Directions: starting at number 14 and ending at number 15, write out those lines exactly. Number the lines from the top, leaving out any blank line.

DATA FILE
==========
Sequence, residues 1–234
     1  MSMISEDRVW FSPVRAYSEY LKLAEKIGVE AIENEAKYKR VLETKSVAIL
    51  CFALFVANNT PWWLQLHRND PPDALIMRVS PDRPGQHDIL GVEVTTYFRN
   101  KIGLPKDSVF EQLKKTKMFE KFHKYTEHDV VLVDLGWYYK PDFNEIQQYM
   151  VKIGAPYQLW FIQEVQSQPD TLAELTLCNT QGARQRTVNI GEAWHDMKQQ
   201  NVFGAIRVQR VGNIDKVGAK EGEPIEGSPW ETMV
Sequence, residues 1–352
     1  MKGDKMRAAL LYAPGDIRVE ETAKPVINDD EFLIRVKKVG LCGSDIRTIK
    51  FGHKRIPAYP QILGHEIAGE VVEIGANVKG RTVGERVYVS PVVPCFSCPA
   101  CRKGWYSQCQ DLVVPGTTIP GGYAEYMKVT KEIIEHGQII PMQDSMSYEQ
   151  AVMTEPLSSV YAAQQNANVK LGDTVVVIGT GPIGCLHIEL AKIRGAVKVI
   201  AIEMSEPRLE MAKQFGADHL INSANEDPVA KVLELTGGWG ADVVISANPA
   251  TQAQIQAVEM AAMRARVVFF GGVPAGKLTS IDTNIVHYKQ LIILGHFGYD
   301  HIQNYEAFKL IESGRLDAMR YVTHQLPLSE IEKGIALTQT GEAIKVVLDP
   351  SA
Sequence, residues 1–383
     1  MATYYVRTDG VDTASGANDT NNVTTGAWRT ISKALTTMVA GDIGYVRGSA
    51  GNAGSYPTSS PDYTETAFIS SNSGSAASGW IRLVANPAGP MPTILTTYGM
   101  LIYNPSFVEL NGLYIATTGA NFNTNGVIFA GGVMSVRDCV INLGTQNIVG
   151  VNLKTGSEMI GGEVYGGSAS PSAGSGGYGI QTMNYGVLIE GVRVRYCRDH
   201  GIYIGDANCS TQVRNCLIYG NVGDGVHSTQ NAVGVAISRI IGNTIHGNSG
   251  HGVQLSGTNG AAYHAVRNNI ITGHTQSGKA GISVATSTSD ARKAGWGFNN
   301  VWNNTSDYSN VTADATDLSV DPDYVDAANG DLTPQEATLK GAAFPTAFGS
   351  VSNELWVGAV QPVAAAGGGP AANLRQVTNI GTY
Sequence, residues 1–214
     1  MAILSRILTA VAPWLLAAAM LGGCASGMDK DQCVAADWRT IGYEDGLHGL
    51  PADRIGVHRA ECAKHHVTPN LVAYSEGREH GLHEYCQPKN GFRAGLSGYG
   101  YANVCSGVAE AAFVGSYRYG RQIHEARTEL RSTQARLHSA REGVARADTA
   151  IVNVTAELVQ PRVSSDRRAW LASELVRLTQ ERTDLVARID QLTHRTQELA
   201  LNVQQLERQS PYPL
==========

   301  HIQNYEAFKL IESGRLDAMR YVTHQLPLSE IEKGIALTQT GEAIKVVLDP
   351  SA